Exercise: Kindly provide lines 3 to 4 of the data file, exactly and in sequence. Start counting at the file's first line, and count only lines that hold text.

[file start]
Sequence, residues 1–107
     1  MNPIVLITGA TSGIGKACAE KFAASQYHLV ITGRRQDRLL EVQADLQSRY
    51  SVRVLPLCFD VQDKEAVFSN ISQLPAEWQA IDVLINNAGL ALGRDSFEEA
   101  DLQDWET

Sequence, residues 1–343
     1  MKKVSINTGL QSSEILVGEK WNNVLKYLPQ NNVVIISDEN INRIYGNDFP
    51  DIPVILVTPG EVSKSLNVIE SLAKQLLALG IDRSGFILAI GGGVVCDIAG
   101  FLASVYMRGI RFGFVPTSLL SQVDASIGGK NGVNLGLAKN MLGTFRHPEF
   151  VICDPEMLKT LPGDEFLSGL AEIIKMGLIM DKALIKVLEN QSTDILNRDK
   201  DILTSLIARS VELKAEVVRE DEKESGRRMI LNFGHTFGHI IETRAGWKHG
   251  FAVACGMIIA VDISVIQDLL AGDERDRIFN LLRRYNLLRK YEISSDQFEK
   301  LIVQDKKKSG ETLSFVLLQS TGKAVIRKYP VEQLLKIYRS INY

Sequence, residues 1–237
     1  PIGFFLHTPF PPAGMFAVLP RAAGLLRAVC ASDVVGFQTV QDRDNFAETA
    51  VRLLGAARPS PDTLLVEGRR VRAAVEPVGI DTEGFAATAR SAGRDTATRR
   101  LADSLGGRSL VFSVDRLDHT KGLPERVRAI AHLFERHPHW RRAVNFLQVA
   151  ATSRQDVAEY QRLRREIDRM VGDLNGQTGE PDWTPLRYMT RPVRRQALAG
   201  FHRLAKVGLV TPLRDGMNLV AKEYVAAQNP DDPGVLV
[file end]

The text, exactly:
    51  SVRVLPLCFD VQDKEAVFSN ISQLPAEWQA IDVLINNAGL ALGRDSFEEA
   101  DLQDWET